aluminum-garnet (commonly called an Nd:YAG) laser is appropriate.
As with the CO2 laser, an accompanying red beam makes the energy
visible. A jet of cool water or air limits possible heat damage
that can result when a super-heated gas, called a plasma, forms on
the tissue surface as it is being treated. An Nd:YAG laser can harm
thin tissue, such as the gum in the lower front of the mouth. The
CO2 and Nd:YAG lasers are used in some of the same procedures that
remove soft tissue.
The argon laser is based on gas of the element argon, and
emits a bluish-green light. It is cleared for marketing for a
different application--curing composite resins. These tooth-colored
materials are used in reconstructing chipped teeth, filling
cavities in visible areas of the mouth, or sealing teeth to protect
them from decay. The dentist paints on the composite, and then
focuses a narrow beam of light to harden, or cure, it. The intense
light alters the physical properties of the composite, linking its
small molecules into longer ones, which adds great strength. Robert
Pick, D.D.S., clinical associate professor at Northwestern
University Dental School, writes that he thinks the argon laser
will soon become the standard method for curing dental composite
resins, replacing ultraviolet light.
Another device used on soft tissues is the holmium:YAG laser.
Oral and maxillofacial surgeons have used it experimentally to
surgically remove the damaged disc separating the condyle of the
mandible from the base of the skull. The disc can be damaged due to
trauma or chronic inflammatory diseases such as osteoarthritis that
can cause symptoms commonly known as temporomandibular joint (TMJ)
syndrome. (An oral and maxillofacial surgeon is a dentist
specializing in correcting abnormalities of the jaws and face with
surgical procedures.) TMJ syndrome can cause facial pain,
headaches, pain in front of the ear, noise when the jaw opens, ear
congestion, dizziness, ringing in the ears, difficulty swallowing,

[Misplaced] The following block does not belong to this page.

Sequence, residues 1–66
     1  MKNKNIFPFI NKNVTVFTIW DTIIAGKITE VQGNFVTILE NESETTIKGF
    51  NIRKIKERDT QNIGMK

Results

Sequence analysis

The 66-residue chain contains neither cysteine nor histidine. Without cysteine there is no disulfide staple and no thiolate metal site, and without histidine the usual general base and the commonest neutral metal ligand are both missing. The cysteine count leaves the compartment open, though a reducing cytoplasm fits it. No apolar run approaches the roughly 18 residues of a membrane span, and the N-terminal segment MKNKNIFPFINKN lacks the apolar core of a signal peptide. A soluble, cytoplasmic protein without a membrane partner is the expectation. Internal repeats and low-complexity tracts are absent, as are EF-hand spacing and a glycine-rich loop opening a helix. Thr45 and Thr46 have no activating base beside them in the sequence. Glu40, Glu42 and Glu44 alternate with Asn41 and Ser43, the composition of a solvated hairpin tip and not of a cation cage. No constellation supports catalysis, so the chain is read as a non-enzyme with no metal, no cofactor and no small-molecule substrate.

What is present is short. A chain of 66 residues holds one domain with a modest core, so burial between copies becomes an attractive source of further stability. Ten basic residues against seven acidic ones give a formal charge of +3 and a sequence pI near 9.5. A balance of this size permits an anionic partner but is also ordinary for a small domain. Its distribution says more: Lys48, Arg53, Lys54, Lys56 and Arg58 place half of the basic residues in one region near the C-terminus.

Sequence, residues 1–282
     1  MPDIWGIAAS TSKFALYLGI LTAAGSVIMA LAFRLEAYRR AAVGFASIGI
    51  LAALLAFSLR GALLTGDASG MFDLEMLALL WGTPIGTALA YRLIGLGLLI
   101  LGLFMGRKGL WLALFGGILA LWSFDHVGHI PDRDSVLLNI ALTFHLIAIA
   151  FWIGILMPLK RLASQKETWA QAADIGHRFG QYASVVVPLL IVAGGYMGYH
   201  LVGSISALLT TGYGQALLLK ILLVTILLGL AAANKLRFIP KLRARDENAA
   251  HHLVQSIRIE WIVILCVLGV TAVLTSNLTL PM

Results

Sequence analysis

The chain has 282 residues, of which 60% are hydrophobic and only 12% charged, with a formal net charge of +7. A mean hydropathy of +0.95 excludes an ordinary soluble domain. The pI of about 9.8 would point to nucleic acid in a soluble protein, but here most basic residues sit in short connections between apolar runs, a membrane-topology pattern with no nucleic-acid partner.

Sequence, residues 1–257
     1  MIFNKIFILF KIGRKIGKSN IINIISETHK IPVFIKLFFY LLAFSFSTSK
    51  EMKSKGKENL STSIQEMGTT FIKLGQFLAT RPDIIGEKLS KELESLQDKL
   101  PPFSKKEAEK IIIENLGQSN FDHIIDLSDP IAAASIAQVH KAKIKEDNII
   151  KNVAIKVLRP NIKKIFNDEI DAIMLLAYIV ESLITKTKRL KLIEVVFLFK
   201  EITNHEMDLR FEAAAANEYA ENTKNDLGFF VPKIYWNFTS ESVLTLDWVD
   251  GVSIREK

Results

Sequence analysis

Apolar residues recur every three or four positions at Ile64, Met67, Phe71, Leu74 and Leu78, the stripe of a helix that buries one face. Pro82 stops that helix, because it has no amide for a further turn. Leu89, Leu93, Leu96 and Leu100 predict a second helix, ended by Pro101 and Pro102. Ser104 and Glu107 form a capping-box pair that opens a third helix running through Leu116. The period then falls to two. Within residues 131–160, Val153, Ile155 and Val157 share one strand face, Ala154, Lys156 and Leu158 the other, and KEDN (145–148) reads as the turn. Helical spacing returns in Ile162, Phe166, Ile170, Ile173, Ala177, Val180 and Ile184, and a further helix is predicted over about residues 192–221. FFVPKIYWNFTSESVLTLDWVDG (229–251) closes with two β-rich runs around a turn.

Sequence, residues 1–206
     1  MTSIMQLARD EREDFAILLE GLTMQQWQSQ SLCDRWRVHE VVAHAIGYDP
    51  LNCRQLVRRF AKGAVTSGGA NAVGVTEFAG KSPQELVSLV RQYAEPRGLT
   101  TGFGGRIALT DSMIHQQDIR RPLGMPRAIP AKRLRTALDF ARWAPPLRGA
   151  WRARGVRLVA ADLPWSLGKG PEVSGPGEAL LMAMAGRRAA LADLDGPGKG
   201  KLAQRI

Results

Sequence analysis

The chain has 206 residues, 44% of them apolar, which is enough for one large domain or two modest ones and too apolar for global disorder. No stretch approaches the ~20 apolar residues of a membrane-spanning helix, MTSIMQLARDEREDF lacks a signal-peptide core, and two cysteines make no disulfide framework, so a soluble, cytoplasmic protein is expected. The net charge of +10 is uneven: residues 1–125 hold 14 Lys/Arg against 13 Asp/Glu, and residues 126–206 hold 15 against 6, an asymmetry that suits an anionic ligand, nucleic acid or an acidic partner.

nervousness, insomnia, difficulty chewing, sensitive teeth, numb
fingertips, and backache.
Choosing the Best Laser
The challenge to dentists is finding the best laser type and
strength for a particular application. Lasers can vary in chemical
basis (CO2, Nd:YAG, argon, holmium:YAG, and others), wavelength of
emitted light, power, whether it is applied continuously or in
short pulses, and whether the laser is applied directly (a contact
laser) or through a tip of some sort (non-contact).
The effect of a particular laser must be evaluated for each
type of dental tissue--such as enamel, dentin, pulp, bone, and
gingiva. Light can have one of four fates when it hits a tissue--it
may be absorbed, reflected, scattered within the tissue, or
transmitted. This is important, because light energy that is
transmitted or scattered may harm surrounding tissue. Reflected
laser light dissipates so quickly that it does no damage.
Whether or not anesthesia is needed for soft tissue dental
laser procedures depends on the duration of the treatment and the
amount of tissue removed. CO2 laser procedures may require local
anesthesia, but Nd:YAG treatment usually does not.
"About 70 to 80 percent of procedures using dental lasers are
done without anesthesia. It depends on the power level needed to
perform the procedure," says Yessik.
Several precautions to dental staff and patient must accompany
laser use. Everyone in the room must wear protective glasses--dark
green tinted for argon and YAG lasers, and clear for CO lasers. Wet
gauze pads are placed in the patient's mouth surrounding the
treated area. Reflective surfaces, such as instruments and mirrors,
are covered so that stray light beams cannot ricochet around the
It is very important that all anesthetic gases be removed from
the room. They are explosive, and could be ignited by a laser beam.
The dentist must also suction off vaporized soft tissue, and the
smoke, or laser "plume," emitted during procedures. The plume can
carry viruses. This is one reason that some dentists do not like to
use a laser to remove herpes lesions in the mouth. Treatment with